The Catholic Church states, “…It is also to be feared that the man, growing used to the employment of anti-conceptive practices, may finally lose respect for the woman and, no longer caring for her physical and psychological equilibrium, may come to the point of considering her as a mere instrument of selfish enjoyment, and no longer as his respected and beloved companion.” (Humanae Vitae, 17)

That’s possible, but there are two sides to this coin. It is also possible that the Catholic wife, fearful of the condemnation of the Church, could come to view herself as merely a “baby factory” for producing Catholic children. But Humanae Vitae doesn’t mention this possibility. So if it’s wrong for the husband to make her feel “used,” then it’s also wrong for the Church to make her feel “used.”

Where Does This Lead?

In the old days, the birth of a child didn’t cost anywhere near what it does today (not to mention the cost of raising the child). The temptation to lean on government assistance for help today can be very strong. Since artificial contraception is severely condemned by the Church, it can even drive the faithful poor (who may see no other way out) deeper into the welfare system and to depend more and more on government assistance, because of his (reluctantly) growing family. This is one result of such a system of unnecessary guilt.

What Do You Really Want?

God will sometimes give us what we want, even if it is not in our best interest. For example, in the Old Testament the people wanted Saul as king, but Saul was not God’s choice. However, He gave them what they wanted (1 Samuel 8:9). But it was not till later that they realized the serious error of their selfish request.

But God will sometimes allow this just so that in the end we would say, “I should’ve seen it God’s way and taken advantage of His blessings. What I THOUGHT I wanted is now grieving me.”

In the same way, many couples want to be childless, and they should have that freedom (Romans 14). Refusing to have children is not necessarily a sin – although (just as the Jews who demanded Saul as king) this could very well be something the couple will live to regret.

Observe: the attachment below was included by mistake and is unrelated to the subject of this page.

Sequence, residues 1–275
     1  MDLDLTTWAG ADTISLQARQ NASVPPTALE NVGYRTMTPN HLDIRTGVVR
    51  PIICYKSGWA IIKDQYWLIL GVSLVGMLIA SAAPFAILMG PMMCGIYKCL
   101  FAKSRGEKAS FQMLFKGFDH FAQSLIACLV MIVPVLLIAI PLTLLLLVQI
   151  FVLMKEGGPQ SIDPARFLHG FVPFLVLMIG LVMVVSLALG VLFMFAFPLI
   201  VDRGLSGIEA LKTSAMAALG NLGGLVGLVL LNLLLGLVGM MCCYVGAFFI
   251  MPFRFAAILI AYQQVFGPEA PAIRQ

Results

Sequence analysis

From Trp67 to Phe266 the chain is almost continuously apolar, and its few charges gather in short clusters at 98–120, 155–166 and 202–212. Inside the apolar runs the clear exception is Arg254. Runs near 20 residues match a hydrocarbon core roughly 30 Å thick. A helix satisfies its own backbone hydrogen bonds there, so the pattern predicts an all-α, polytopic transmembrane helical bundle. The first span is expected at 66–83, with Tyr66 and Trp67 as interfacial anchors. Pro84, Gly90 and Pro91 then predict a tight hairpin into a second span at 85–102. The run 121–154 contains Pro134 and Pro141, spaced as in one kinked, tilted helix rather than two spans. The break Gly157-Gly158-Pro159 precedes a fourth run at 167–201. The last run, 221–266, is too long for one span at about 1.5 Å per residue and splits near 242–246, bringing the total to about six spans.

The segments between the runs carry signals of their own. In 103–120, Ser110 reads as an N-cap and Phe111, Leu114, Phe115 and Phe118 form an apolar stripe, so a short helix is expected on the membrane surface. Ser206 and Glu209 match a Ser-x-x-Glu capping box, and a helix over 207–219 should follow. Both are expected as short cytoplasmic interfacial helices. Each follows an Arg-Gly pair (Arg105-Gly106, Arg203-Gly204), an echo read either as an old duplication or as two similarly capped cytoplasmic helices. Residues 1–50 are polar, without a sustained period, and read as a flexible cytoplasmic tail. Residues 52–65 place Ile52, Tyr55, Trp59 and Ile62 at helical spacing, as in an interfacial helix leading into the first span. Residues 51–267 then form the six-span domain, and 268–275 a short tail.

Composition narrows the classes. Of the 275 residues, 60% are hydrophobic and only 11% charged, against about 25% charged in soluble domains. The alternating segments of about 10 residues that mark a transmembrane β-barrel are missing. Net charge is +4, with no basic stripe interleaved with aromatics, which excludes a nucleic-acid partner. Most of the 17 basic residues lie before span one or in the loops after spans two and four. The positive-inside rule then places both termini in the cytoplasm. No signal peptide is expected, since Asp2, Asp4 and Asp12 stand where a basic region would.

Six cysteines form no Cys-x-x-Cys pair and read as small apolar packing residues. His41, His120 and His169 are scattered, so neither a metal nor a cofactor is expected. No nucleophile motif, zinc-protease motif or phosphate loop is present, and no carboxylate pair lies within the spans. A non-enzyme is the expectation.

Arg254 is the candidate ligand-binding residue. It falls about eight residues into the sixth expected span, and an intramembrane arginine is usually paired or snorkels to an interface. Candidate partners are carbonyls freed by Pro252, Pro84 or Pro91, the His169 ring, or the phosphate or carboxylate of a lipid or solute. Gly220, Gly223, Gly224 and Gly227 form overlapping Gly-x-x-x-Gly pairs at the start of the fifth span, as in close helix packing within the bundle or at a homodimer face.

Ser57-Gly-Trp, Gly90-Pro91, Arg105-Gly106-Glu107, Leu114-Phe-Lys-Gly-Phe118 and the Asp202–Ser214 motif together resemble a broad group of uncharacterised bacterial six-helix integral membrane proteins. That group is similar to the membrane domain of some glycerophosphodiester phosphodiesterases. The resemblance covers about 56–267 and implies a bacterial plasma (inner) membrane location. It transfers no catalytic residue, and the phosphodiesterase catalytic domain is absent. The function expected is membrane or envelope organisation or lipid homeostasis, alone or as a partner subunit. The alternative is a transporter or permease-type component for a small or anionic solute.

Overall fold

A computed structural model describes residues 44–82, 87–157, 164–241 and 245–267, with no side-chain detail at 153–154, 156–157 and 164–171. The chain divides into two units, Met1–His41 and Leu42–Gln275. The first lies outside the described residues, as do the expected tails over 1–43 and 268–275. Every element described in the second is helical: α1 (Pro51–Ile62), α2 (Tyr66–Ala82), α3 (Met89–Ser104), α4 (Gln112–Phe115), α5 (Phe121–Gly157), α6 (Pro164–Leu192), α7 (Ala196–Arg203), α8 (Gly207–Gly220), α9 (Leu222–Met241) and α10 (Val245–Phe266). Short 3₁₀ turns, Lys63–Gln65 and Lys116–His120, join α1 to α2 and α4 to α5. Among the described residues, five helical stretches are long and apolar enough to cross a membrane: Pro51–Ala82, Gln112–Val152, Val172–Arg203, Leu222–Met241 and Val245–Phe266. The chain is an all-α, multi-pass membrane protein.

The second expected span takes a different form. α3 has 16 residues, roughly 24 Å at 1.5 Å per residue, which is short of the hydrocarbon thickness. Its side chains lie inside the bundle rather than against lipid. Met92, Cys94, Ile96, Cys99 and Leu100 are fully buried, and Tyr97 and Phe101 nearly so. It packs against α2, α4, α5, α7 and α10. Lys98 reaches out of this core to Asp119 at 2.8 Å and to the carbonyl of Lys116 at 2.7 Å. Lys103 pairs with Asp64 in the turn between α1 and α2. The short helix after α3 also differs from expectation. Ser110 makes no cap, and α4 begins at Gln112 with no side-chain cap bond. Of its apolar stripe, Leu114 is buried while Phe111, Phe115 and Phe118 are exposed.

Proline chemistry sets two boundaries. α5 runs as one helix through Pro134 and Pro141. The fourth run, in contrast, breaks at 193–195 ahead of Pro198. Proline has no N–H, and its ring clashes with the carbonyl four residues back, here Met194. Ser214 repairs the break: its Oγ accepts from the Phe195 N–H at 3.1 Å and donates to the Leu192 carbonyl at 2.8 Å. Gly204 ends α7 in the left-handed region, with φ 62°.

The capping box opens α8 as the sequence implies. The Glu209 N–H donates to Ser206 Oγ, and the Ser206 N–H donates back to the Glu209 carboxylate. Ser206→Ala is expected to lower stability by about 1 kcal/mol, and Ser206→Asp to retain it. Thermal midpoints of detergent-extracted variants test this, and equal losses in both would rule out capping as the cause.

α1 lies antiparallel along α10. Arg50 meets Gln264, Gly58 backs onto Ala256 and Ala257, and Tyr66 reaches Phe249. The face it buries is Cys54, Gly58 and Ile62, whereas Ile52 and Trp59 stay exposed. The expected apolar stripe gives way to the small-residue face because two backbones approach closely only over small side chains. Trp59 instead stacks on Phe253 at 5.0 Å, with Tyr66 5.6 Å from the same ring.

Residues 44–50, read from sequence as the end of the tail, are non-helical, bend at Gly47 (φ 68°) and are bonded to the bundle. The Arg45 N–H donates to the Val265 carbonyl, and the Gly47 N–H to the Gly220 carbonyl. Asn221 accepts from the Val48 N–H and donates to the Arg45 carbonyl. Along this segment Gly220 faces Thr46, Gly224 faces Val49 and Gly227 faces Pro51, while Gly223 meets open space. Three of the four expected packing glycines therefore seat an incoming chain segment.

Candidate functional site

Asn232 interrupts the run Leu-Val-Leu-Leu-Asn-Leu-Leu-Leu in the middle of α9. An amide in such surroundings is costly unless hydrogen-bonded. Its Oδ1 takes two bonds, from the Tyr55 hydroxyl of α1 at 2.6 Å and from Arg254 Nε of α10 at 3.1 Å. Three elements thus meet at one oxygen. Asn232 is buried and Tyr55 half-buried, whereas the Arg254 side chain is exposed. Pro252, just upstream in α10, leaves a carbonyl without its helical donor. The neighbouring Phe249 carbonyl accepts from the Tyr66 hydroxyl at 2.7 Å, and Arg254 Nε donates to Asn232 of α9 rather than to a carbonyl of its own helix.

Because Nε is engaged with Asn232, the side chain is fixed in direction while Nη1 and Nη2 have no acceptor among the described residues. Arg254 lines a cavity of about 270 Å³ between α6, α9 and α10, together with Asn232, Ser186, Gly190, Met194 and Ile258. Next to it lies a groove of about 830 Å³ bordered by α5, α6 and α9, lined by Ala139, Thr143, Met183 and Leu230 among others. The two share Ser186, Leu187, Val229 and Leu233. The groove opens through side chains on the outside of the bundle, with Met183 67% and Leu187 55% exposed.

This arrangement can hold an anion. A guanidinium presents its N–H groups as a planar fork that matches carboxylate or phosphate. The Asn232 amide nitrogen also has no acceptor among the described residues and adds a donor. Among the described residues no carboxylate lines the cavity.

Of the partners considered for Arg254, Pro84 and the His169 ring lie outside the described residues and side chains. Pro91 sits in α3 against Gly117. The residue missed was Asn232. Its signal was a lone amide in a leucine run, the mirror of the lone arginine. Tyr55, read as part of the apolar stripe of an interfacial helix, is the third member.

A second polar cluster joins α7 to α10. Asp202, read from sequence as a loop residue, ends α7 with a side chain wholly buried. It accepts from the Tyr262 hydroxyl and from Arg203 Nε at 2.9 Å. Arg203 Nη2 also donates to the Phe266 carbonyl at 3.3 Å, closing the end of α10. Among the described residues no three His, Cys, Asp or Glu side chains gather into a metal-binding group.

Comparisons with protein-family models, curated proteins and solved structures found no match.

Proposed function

Personally, I find it difficult to see how anyone can NOT ever want children. Children are certainly a blessing from God (Psalm 127:3-5). Big families are wonderful, and children from large families are generally more disciplined (depending on the parents), and usually more acquainted with having to share with, and care for, younger siblings. But the bigger the family is, the greater the responsibility. God wants us to be good stewards of all that He gives us… but He wants us to have what we can reasonably manage. Not every couple can handle eight or ten children.

Conclusion

Leviticus 20:10-21 contains a list of specific sex sins. But why is artificial contraception not included here? If God feels so strongly about this “mortal sin,” then why don’t the Scriptures condemn it? Maybe… just maybe… it is just the Catholic Church that feels so strongly about it, and not God.

This is another case of truth mixed with error. We want to stress that there is nothing wrong with “Natural Family Planning.” It is a worthy and acceptable method of birth control. What IS wrong is demanding that this is the ONLY method approved by God, and condemning all other methods.

The Catholic view of contraception is used as a bullying tactic causing an unnecessary guilt trip on good, responsible, concerned and legitimately married couples who may not want large families.

Once again, the Catholic Church’s view of contraception is unbiblical, unbalanced and misleading.